“Any mechanical engineer can tell you that your main heat loss and gain is through your roof.  That means: luxury residential architects should put as much insulation into your roof as possible,” said Rand Soellner, AIA/NCARB, “We researched a single-layer R-49 batt insulation that costs only a few more pennies per square foot than standard R-30 or R-38 batts.  We consulted insulation installers and asked if they would charge more labor to install the slightly thicker batts.  They said No.  Therefore, for perhaps another $1,000 +/- in material cost, you can have a roof that is about 22% more thermally insulative than code minimums.  Now that’s a Going Green 4 Less value if I ever heard one.” Soellner predicted that homeowners using these strategies would recoup such investments in lower utility bills within a year.

“People aren’t going to pay for exotic things right now that sound nice, but don’t save them anything in short order.”

————— Rand Soellner Architect

The going green 4 less architects philosophy asks for economical suggestions.

“Homeowners want green options and they want a cleaner planet for their children, and they also want to be able to afford to feed them…right now,” said Soellner, making his point that during the present economic circumstances that choices suggested by residential architects might want to be tempered with some compassion for the realities of cash availability and swifter paybacks for modest upgrades with larger short term as well and long-term return on the initial investment.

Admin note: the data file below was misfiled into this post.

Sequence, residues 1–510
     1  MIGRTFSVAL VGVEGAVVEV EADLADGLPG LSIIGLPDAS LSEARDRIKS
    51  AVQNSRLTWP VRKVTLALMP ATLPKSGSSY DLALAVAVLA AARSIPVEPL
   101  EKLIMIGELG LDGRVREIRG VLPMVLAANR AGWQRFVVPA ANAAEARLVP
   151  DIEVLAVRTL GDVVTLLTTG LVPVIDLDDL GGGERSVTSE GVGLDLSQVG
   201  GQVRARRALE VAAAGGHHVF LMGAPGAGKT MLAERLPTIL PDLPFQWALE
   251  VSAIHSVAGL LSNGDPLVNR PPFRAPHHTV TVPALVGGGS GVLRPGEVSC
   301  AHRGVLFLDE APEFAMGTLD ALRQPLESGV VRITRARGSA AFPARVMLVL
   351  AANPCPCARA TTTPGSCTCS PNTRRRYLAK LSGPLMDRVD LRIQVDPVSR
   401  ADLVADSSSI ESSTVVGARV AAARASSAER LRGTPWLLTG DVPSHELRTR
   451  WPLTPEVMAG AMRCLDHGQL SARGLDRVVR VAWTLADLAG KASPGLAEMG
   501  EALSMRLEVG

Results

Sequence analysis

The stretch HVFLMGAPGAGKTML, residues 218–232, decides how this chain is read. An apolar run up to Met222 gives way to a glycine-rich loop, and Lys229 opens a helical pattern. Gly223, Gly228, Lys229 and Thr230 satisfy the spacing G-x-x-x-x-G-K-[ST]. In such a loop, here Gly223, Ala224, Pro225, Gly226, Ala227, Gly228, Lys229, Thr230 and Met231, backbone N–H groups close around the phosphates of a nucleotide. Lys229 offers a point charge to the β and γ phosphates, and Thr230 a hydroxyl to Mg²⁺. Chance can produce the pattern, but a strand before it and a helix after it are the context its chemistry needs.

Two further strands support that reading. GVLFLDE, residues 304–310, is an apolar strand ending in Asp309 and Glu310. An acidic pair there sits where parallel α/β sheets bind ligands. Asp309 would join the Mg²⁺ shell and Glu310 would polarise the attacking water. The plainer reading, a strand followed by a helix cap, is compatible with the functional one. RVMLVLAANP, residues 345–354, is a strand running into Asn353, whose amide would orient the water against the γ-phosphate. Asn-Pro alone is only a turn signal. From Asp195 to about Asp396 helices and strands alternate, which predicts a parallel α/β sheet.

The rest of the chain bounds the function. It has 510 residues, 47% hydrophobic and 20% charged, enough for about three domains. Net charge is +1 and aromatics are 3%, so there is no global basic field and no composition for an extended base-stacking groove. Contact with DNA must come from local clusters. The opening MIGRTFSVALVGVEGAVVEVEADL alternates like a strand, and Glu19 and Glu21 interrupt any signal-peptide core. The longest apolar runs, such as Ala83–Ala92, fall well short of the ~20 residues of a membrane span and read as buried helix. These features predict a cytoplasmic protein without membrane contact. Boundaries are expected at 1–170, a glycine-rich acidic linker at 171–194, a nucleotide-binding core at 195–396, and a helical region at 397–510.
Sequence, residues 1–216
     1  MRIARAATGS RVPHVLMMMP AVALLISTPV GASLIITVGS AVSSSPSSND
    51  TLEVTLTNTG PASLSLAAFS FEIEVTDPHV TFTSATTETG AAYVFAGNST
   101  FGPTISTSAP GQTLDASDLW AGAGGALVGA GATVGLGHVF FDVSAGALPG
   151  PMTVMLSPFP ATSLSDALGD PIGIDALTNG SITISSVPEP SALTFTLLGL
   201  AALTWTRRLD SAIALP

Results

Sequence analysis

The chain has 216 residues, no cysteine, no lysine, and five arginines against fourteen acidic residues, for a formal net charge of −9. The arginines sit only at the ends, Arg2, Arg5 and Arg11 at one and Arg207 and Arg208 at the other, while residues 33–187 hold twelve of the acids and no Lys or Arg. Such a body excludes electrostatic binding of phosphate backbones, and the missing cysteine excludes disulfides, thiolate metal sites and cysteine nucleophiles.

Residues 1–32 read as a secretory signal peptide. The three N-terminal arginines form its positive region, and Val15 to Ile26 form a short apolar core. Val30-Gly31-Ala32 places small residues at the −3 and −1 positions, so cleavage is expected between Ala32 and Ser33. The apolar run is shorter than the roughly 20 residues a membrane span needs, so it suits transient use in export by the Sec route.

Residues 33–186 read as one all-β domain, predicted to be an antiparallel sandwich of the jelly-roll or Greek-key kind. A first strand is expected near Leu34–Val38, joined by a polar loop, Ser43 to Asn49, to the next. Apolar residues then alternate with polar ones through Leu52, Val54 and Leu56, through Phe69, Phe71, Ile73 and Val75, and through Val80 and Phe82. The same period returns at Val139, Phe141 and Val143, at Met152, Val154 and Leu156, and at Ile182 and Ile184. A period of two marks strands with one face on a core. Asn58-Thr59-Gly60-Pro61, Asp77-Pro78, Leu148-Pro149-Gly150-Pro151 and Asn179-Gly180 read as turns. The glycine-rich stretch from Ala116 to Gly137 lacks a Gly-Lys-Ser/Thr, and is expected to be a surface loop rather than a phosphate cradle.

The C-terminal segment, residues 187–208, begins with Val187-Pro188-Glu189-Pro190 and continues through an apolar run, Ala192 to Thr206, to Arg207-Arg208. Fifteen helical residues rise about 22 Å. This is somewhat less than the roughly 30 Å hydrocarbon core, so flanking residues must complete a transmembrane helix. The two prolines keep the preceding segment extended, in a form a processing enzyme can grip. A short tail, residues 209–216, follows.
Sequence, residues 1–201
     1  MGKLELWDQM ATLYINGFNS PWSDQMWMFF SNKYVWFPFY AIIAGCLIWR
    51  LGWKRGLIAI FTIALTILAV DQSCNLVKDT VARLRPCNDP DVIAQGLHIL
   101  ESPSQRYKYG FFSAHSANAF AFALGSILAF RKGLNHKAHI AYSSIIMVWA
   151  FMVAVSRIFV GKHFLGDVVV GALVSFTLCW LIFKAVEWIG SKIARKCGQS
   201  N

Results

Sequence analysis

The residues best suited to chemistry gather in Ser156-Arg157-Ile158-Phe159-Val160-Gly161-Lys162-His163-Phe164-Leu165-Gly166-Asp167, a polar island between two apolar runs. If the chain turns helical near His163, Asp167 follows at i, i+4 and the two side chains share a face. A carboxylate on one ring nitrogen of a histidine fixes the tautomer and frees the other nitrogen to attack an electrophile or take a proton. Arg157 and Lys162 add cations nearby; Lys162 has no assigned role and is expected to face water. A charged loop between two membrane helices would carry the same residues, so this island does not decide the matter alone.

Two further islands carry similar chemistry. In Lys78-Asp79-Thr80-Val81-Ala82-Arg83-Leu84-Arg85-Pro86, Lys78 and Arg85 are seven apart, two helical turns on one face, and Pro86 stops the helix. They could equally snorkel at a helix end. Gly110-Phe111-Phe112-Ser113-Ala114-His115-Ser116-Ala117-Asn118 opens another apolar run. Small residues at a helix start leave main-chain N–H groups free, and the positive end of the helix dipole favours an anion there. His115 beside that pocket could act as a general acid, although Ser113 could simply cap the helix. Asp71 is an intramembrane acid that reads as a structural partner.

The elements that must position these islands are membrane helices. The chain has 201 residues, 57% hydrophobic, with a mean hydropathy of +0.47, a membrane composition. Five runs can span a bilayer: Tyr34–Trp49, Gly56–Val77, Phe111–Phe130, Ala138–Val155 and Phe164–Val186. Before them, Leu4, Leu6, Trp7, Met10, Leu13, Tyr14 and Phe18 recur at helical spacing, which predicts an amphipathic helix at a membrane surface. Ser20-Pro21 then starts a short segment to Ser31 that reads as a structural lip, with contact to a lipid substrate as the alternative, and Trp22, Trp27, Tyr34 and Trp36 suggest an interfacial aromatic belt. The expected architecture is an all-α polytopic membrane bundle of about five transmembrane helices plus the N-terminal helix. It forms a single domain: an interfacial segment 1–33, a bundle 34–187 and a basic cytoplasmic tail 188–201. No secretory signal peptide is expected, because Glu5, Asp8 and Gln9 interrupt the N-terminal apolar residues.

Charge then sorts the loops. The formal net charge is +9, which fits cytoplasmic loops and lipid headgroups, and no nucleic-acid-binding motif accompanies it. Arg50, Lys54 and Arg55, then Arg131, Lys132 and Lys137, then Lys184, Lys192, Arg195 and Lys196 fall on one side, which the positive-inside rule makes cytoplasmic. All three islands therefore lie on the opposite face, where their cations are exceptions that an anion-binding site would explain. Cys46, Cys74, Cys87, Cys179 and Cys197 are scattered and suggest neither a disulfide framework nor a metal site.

going green 4 less
Alternative energy sources like photovoltaics are outstanding options at the higher end of the green home architects tool box.

“There are also upgrade roofing materials: roof shingles that look like slate, but are 100% recycled rubber and plastic,” mentioned Stephen Clack, AIA, LEED GA, a Rand Soellner Architect associate handling the Orlando custom region.  “This sort of investment comes with a 50 year warranty, which means that the roof lasts 3 to 5 times longer than standard asphalt roof shingles (which require new embodied energy in their production, rather than recycled materials with inherent recaptured, and reused initial energy).”   This means the roof lasts longer (and looks better and contributes much less to the local landfill), which saves money over the long run, and doesn’t need replacing during most homeowner’s lifetimes.  This not only saves on additional future expense to the owner, but is less hassle and has lower life cycle cost and a lower life cycle energy footprint to produce the materials, which = reduced carbon footprint = sustainable architecture.  That’s all part of the Going Green 4 Less concept.


Contact: Rand Soellner, AIA/NCARB
Rand Soellner Architect
randsoellner@earthlink (dot)net

If readers are linking this to Technorati or Digg, or other Social Media, these are the tags: